Sinusitis is a very common condition, affecting 31 million Americans each year; 30% of the United States population have sinusitis at some point in their lives. The average adult has three to four upper respiratory infections a year; 1% of these infections are complicated by sinusitis, accounting for 16 million visits to the doctor each year.
After inducing adequate vasoconstriction with cocaine or ephedrine, the surgeon locates the middle turbinate, the most important landmark for the FESS procedure. On the side of the nose at the level of the middle turbinate lies the uncinate process, which the surgeon removes. The surgeon opens the back ethmoid air cells, to allow better ventilation, but leaves the bone covered with the mucous membrane. Following this step, the ostium located near the jaw is checked for obstruction and, if necessary, opened with a middle meatal antrostomy. This surgical procedure often greatly improves the function of the osteomeatal complex and provides better ventilation of the sinuses.
FESS offers several advantages:
It is a minimally invasive procedure.
It does not disturb healthy tissue.
It is performed in less time with better results.
It minimizes bleeding and scarring.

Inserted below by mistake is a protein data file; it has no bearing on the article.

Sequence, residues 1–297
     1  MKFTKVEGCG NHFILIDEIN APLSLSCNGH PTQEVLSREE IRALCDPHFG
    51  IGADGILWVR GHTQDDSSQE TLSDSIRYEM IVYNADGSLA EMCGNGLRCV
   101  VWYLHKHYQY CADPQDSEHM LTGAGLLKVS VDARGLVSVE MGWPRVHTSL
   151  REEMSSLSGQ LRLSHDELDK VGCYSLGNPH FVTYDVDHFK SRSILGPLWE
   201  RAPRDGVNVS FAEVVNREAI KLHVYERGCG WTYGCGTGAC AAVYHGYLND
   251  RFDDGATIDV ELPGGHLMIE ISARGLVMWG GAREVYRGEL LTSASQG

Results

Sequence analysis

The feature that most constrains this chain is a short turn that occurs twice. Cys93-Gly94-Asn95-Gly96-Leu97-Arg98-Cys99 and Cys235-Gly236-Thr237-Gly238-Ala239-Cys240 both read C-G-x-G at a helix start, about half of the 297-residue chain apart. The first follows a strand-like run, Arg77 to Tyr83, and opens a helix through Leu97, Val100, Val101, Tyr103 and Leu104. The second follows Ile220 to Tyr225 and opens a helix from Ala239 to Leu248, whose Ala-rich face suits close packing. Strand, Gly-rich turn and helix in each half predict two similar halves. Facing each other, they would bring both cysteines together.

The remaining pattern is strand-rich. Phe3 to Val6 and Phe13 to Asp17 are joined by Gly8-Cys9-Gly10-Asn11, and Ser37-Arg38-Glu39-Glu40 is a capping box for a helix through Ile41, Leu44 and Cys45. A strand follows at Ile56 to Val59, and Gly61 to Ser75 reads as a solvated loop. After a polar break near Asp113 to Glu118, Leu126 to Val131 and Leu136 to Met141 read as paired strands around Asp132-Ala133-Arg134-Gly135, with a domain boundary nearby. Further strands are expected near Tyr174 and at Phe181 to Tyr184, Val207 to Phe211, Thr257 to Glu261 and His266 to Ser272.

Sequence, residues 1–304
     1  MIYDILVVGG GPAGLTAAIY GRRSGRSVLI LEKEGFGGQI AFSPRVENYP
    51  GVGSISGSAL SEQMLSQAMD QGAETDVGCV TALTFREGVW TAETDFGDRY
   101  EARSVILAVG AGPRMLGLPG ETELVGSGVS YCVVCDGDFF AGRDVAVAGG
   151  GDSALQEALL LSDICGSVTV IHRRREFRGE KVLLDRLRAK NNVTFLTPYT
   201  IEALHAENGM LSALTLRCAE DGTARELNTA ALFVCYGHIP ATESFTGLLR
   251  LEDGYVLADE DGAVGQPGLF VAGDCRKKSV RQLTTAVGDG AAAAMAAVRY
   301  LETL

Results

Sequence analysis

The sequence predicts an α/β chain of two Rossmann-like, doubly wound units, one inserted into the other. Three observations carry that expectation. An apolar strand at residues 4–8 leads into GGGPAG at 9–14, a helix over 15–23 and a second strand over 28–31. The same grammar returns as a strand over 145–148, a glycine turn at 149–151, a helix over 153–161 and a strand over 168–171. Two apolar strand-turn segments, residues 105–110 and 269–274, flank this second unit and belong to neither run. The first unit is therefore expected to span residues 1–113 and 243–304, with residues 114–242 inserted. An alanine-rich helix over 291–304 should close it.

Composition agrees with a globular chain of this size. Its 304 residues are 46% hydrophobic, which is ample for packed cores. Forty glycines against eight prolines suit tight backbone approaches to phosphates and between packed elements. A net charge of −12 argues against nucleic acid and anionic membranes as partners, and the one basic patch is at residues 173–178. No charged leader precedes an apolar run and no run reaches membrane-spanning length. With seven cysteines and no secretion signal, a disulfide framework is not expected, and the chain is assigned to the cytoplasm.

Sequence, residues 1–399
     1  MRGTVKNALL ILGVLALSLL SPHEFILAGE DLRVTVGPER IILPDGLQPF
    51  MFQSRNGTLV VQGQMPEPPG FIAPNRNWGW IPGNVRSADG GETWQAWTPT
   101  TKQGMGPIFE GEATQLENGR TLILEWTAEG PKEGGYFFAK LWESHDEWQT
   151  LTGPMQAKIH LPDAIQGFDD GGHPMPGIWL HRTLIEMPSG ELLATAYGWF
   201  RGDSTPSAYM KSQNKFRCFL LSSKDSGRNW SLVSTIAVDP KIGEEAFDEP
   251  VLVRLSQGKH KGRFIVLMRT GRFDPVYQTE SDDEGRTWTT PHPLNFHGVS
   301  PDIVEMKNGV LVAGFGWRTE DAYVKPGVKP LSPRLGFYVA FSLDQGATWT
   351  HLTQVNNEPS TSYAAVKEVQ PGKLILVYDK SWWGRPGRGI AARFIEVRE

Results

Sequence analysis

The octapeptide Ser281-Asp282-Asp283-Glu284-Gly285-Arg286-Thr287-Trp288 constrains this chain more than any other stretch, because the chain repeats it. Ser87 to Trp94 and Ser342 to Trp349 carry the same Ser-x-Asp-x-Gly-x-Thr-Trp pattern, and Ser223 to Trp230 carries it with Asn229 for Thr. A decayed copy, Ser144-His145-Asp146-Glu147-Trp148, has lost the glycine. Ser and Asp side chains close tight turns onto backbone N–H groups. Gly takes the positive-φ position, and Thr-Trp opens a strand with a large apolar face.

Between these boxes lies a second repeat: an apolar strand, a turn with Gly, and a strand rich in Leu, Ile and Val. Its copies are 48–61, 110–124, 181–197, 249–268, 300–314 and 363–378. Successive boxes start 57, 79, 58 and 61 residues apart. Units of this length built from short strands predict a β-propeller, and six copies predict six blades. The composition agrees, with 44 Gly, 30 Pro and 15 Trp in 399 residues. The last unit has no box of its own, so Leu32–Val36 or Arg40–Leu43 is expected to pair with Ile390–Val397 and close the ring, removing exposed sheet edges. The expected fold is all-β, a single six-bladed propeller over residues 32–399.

As with many diseases, the history of a patient with sinusitis represents a key part of the preoperative evaluation. Before considering FESS, the ear, nose and throat (ENT) specialist will proceed with a thorough diagnostic examination. The development of such diagnostic tools as the fiberoptic endoscope and CT scanning has greatly improved the treatment of sinus disease. The fiberoptic endoscope is used to examine the nose and all its recesses thoroughly. The specific features the physician must examine and evaluate are the middle turbinate and the middle meatus, any anatomic obstruction, and the presence of pus and nasal polyps.
CT scanning can also be used to identify the diseased areas, a process that is required for planning the surgery. It shows the extent of the affected sinuses, as well as any abnormalities that may make a patient more susceptible to sinusitis.
FESS is usually performed under local anesthesia with intravenous sedation on an outpatient basis with patients going home one to two hours after surgery. It usually does not cause facial swelling or bruising, and does not generally require nasal packing.
Monique Laberge Ph.D., The Gale Group Inc., Gale, Detroit,